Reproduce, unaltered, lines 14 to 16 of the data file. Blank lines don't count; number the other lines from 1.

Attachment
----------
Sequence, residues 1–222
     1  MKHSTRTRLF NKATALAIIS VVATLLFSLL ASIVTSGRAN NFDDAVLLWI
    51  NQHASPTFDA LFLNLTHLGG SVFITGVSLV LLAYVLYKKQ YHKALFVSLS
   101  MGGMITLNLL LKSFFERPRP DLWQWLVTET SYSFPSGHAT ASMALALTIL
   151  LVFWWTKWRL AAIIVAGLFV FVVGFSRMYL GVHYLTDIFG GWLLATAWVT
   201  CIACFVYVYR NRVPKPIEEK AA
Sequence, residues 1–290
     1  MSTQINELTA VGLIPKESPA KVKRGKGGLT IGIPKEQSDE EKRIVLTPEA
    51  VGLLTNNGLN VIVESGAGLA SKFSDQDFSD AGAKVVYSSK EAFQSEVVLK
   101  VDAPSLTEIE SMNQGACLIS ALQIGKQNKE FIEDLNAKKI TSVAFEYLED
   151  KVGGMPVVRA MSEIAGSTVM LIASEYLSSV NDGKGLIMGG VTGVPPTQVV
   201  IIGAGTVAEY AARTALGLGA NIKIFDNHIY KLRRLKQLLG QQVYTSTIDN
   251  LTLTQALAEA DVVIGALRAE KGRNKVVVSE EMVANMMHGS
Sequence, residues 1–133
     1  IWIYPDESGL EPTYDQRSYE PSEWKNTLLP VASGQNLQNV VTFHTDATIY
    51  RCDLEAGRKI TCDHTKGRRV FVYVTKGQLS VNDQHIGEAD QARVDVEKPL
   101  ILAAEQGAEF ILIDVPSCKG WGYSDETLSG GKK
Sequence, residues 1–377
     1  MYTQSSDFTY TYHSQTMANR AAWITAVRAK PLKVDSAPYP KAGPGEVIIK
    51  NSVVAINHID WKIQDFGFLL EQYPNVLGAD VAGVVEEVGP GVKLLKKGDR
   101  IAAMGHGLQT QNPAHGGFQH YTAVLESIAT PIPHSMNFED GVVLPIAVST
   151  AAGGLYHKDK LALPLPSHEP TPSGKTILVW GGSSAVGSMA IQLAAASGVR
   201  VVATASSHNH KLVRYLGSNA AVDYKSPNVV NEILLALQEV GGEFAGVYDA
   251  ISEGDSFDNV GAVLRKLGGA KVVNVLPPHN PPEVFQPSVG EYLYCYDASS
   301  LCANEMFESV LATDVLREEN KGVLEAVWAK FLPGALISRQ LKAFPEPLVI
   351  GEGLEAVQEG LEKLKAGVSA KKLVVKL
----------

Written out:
Sequence, residues 1–133
     1  IWIYPDESGL EPTYDQRSYE PSEWKNTLLP VASGQNLQNV VTFHTDATIY
    51  RCDLEAGRKI TCDHTKGRRV FVYVTKGQLS VNDQHIGEAD QARVDVEKPL